That’s when a friend in my weekly mastermind group told me about this book. I ordered it on the same evening, and it helped me quite a lot.

If you have read other books about topics like mental health or stress management or burnout, you will most likely not learn a lot of new things from this book. In one form or the other, I already knew about all the things that Sherry talks about. But she presents them in a way that got me thinking:

  • I compared the way I structure my work when my stress level is high and when it is low. As a result, I put more effort into structuring my schedule and my task list. That helps me to plan my output more realistically, and I feel less overwhelmed.
  • I also thought about the activities that help me to relax, and I started running, again. It’s so nice to go on a run in the morning, and it affects my whole day in a very positive way.

I also tried a few other things, but these two were probably the most effective ones and the ones that I want to keep doing.

So, if you’re struggling to keep your sh*t together or if you’re just looking for a few inspirations to handle the stress of your daily life, I recommend Sherry Walling’s book The Entrepreneur’s Guide to Keeping Your Sh*t Together (Amazon).

Books I’m Going To Read This Summer

I obviously already read the books that I recommended to you. So, I’m looking for suggestions for my own reading list. Which books did you enjoy reading recently?

These are the books that I will read next, and I hope to get a few suggestions from you before I finish them ๐Ÿ˜‰

Architecting Modern Java EE Applications

I got Sebastian’s book Architecting Modern Java EE Applications (Amazon) quite a while ago, and I’m looking forward to finally reading it.

You probably know that, on an emotional level, I’m more a Java EE guy, even so, I use Spring in quite a few projects. In my opinion, Java EE 8 and the transition to the Eclipse Foundation moved Java EE in the right direction. It is a viable option to implement modern applications. Especially in combination with the MicroProfile initiative; it’s also a good fit for cloud environments.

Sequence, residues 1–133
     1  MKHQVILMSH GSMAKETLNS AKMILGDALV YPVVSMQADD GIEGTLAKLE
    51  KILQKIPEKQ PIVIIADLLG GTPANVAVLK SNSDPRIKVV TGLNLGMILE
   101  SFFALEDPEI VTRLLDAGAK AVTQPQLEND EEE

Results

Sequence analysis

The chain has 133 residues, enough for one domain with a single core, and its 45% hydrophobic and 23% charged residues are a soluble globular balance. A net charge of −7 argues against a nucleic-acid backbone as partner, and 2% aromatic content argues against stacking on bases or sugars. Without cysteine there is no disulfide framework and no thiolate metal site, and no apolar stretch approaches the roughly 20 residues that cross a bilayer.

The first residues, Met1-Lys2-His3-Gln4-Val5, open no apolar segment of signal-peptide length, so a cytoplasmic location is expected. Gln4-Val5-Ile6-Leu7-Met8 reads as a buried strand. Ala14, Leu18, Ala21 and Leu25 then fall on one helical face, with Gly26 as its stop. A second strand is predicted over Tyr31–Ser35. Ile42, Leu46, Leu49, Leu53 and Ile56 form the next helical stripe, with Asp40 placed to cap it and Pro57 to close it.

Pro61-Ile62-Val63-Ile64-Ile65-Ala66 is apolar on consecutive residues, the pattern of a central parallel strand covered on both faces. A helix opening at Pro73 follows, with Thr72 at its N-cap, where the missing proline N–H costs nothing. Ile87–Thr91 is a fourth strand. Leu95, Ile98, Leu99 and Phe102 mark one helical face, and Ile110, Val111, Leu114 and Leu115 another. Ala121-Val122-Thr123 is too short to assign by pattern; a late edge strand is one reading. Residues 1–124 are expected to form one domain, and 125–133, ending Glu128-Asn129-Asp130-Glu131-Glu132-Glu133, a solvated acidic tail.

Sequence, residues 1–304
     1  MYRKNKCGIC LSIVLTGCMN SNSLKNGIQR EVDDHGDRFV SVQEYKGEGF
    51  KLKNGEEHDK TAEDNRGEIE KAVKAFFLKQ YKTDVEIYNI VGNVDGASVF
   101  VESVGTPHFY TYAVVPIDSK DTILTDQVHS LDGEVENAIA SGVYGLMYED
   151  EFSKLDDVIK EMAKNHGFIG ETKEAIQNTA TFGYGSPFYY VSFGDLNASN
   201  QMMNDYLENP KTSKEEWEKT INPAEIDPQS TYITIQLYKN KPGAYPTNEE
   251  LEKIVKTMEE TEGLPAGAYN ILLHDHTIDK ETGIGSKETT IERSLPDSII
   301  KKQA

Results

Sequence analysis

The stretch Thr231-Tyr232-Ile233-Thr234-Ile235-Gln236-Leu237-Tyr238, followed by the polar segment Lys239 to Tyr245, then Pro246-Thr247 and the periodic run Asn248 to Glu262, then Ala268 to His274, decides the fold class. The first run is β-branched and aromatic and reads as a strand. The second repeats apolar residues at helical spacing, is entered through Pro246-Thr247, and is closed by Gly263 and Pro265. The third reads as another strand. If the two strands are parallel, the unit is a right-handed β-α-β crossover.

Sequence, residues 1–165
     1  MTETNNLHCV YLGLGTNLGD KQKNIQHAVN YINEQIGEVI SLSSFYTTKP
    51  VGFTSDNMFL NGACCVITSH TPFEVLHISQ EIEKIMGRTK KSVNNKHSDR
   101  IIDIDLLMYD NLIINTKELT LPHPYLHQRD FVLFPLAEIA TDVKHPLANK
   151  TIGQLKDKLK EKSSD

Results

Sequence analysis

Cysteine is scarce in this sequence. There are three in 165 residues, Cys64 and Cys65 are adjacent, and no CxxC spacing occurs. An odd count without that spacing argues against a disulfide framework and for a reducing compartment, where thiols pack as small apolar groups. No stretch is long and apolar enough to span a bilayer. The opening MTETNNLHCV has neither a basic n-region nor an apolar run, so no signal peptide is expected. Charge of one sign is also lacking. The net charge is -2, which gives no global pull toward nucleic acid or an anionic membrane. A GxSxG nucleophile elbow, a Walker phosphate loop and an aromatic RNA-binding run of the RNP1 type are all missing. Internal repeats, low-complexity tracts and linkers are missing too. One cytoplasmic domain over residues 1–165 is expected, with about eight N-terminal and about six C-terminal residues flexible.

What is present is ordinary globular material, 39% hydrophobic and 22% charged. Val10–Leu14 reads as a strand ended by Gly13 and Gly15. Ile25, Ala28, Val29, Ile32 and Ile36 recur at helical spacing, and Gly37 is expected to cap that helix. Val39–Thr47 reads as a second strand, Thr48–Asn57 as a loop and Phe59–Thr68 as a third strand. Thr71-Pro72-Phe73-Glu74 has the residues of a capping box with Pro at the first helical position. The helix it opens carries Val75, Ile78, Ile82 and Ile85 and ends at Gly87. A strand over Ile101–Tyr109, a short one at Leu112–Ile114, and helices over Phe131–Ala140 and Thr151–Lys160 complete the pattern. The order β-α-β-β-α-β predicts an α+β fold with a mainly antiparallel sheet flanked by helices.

So, let’s see what Sebastian thinks about all these topics and what are his recommendations to build modern applications with Java EE. I will most likely tell you more about this book (Amazon) in a detailed review.

Rise of the Youpreneur

Chris Ducker is the host of one of my favorite podcasts. His book Virtual Freedom (Amazon) is one of the reasons why I work with a VA who helps me with editing videos, creating images and tons of other things.

So, I have to read his new book Rise of the Youpreneur (Amazon). It seems to be a great fit for what I have been doing for the last few years: Creating valuable content and building a business around a personal brand.


  1. I’ve been reading two books at the moment for personal growth. The first is “Hibernate Tips”. ๐Ÿ™‚ The second is “The Data Warehouse Toolkit” by Ralph Kimball and Margy Ross. I work not only with end user applications, but also with reporting and warehousing and BI and wished to learn a bit more about the Kimball methodology of dimensional modelling. Very insightful book. I also recently finished reading “The Culture Code” by Daniel Coyle. Its a very thought provoking book on how group culture influences the success or failure of the group. While I may not have agreed with every point, it got me thinking about how I can personally contribute towards success.

    1. Avatar photo Thorben Janssen says:

      The first one is an excellent choice ๐Ÿ˜‰

      The other two books sound interesting. I’ll take a look at both of them. Thx!

  2. I’m thinking of picking up Effective Java, especially since he just came up with the third edition. I read the parts available for free on Amazon, and it was actually quite good. The only thing that confused me is that, at least at the time I was looking at the prices, is that the ebook was more expensive than the print edition.

    I prefer physical copies of books, anyway.

    1. Avatar photo Thorben Janssen says:

      Effective Java is great!

    1. Avatar photo Thorben Janssen says:

      Hi Ken,
      I would love to read your book ๐Ÿ™‚
      Do you have my email address?

  3. Avatar photo Chris Kimpton says:

    Thanks for sharing. I am currently reading
    โ€œWillpower Doesn’t Work: Discover the Hidden Keys to Successโ€ by Benjamin Hardy.
    Still early stages but it hypes itself well ๐Ÿ™‚

    1. Avatar photo Thorben Janssen says:

      I didn’t know that Benjamin Hardy wrote another book. Not sure if I will read it but I added it to my list. Thx!